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Ways of the World

Carol Stone, business economist & active Episcopalian, brings you "Ways of the World". Exploring business & consumers & stewardship, we'll discuss everyday issues: kids & finances, gas prices, & some larger issues: what if foreigners start dumping our debt? And so on. We can provide answers & seek out sources for others. We'll talk about current events & perhaps get different perspectives from what the media says. Write to Carol. Let her know what's important to you:

Wednesday, May 29, 2013

The Bangladesh Factory Collapse and Sustainability

The last issue we talked about on Ways of the World was sustainability.  We thought we would be moving on from that when we shifted to the garment factory disaster in Bangladesh.  But it seems not, as we find ourselves reading about "fast fashion" and "recycling clothes"; sustainability is a concern even for garments and fabrics.  Who would think?

The play-out of the factory collapse near Dhaka, Bangladesh, on April 24 continues.  As well something should that claimed over 1,100 lives.  We want to give you some of the backstory of that factory and of clothes-making in general in Bangladesh, and then we'll try to draw the link to sustainability.

1.  Garment production requires almost no skill, experience or education on the part of workers and relatively modest sums for the capital investment to get the operation going: just a space and some sewing machines.  So it is a very good way to get industry established in a new region.  Recall, as some writers did for us, that even the American colonies started their manufacturing activity during the Industrial Revolution with cloth weaving and clothes making, and industry in other countries often begins with garment factories.[1]

2.  Bangladesh has the lowest labor costs of any East Asian garment manufacturing center, a mere $38 a month minimum wage.  While this might sound to many readers more like an opportunity for exploitation, it in fact helps workers get a lift up out of poverty.  Our current source for this train of thought comes from World Bank research.  Statistical analysis has shown that if we account for the low level of education and little experience, these workers actually make a decent wage compared to other industries.  This is especially notable because the vast majority of these workers are women, who are automatically paid less than men.  This condition may not be desirable, but it is indeed better than abject poverty.[2]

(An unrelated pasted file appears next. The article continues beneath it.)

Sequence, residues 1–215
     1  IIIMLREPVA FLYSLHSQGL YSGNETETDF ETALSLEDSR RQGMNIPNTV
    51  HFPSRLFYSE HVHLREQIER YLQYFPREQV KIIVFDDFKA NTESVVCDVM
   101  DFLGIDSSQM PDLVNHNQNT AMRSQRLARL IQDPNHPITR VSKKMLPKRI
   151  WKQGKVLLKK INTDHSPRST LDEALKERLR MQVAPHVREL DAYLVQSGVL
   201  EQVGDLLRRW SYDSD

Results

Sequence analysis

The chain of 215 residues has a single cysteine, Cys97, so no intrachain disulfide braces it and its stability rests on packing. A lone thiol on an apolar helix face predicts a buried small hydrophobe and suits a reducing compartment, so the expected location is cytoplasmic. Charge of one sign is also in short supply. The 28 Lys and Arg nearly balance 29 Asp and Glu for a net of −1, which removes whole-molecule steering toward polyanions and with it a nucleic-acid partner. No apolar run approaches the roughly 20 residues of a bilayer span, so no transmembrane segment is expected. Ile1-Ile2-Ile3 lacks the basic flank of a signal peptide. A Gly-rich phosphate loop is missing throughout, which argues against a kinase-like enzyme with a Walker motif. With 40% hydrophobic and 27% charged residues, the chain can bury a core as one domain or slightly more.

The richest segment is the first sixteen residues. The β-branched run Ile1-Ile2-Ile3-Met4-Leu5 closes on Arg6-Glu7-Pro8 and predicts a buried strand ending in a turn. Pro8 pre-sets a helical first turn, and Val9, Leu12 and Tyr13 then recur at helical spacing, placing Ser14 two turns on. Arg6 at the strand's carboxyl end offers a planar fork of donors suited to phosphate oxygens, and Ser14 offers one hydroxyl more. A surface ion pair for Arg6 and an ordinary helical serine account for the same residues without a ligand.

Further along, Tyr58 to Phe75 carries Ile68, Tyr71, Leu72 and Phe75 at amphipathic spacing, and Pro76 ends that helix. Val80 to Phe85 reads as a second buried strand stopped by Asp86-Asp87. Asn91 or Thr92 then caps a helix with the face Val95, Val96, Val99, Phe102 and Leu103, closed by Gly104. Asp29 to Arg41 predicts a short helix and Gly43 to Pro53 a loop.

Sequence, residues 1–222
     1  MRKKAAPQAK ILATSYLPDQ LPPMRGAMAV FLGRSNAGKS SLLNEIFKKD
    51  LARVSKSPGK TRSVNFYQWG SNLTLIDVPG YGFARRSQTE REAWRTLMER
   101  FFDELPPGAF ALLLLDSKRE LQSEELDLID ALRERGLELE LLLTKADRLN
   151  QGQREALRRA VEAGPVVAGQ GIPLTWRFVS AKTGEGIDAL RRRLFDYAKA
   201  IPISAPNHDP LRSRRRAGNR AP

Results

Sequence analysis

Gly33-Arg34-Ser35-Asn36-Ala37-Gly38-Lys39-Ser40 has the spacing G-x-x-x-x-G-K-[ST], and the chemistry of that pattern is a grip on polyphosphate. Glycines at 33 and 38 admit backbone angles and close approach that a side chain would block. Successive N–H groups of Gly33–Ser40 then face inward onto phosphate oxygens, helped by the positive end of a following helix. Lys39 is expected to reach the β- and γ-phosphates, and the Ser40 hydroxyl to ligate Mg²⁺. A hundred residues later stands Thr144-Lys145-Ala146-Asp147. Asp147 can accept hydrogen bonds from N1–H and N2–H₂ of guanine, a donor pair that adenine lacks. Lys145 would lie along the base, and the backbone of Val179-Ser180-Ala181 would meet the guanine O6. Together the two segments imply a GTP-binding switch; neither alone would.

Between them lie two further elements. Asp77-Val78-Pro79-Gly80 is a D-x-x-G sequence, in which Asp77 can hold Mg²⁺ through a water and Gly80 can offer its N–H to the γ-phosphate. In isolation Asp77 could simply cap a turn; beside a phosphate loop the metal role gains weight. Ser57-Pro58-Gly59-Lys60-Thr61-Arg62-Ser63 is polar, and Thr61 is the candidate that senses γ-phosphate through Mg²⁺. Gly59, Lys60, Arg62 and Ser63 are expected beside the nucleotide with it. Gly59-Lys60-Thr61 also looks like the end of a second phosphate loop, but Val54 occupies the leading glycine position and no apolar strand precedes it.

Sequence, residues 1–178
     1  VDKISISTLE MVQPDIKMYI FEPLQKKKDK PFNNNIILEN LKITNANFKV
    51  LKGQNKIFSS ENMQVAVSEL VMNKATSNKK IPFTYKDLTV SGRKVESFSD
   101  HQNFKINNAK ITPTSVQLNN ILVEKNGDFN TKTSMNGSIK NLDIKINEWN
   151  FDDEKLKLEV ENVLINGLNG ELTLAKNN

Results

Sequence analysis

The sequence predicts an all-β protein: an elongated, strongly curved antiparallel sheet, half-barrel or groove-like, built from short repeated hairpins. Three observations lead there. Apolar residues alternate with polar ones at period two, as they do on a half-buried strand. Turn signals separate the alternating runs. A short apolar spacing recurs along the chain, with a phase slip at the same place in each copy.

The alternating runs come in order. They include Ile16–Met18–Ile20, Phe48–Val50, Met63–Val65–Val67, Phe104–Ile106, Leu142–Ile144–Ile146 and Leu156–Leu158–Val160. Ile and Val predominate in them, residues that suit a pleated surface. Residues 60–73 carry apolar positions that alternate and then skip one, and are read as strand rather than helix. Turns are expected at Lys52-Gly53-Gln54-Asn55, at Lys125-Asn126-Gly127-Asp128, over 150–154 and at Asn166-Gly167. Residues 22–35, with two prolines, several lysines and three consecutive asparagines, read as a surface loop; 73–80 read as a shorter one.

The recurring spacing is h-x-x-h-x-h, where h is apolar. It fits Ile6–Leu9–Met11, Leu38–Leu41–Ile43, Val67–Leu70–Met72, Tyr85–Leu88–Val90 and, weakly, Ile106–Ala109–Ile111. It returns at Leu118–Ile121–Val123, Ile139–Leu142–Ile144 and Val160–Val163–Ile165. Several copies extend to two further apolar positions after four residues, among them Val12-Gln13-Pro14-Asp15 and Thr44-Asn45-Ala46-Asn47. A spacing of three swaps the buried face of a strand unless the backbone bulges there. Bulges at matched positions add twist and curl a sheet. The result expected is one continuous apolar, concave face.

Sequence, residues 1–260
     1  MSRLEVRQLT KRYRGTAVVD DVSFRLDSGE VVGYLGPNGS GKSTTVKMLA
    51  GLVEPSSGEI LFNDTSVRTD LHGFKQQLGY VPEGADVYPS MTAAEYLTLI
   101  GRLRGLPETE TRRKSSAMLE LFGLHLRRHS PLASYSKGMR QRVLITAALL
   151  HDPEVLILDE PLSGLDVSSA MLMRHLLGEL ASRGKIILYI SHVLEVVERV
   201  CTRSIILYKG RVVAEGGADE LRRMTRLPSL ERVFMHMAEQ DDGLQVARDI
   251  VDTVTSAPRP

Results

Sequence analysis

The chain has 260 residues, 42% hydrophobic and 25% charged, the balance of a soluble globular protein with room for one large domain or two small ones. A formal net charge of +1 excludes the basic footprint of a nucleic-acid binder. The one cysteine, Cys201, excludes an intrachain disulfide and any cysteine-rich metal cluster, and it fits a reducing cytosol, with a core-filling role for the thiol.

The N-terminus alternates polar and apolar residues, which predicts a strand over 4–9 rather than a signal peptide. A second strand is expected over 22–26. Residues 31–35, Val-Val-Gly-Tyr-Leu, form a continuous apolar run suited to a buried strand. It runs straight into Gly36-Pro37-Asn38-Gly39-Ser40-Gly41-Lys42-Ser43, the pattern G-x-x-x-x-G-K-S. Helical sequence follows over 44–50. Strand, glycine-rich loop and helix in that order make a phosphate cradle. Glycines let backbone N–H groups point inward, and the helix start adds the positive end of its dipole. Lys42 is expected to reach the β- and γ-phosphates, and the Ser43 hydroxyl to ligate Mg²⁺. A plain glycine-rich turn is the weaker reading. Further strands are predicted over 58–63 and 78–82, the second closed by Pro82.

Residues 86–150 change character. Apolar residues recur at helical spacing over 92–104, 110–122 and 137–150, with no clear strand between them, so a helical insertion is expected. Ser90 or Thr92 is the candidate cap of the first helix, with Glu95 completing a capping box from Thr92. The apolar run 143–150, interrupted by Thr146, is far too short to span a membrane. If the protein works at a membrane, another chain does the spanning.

3.  Labor costs in the biggest Asian producer, China, are rising and fairly rapidly.  There is no longer a ready surplus of workers, especially in coastal regions near shipping points.  In part, this is due to the one-child policy, now limiting the availability of younger workers.  Labor costs overall in China rose an average of 8.5% a year in the five years through 2011.  In sharp contrast, those in Taiwan actually fell 2% a year over the same period.[3]  The rise in Chinese labor costs is sending retailers to other regions to seek cheaper production sources.  Hence a rush to Bangladesh, Cambodia and similar areas.

4.  Safety regulations and building codes are in place for Bangladesh factories.  However, these are sometimes not enforced.  The specific building that fell, Rana Plaza, was constructed over a former pond where the landfill is sand, a kind of swamp then.  The building's generators were on the upper floors; when they were running, their vibrations could be felt in neighboring houses.[4]  The mayor of Savar, the Dhaka suburb where the factory collapse occurred, says, though, that there was such a rush to construct new factories that the local government did not have time to process the applications and inspect the new structures.  He was suspended from office within days of the disaster. 

5.  Retailers, located in markets far from production centers in the Far East, face complicated circumstances in responding to these situations.  Producers are generally independent companies, and while they are direct contractors with the retailers, they may subcontract with smaller firms for specific parts of the production process.  Thus, the retailers may be two or more steps removed from the actual site where cloth is cut and basic garments assembled.  Control is hard, even when there are good intentions.

Leading retail chains are taking a couple of approaches to the safety issue.  Wal-Mart is known to have basically a "zero-tolerance" tack: produce safely and meet our standards or we'll cut you off.[5] H&M, the Swedish chain with stores in the US, is trying to work directly with the factories to reform their practices.  Neither way covers everything, but there are heightened efforts to exert what control they can.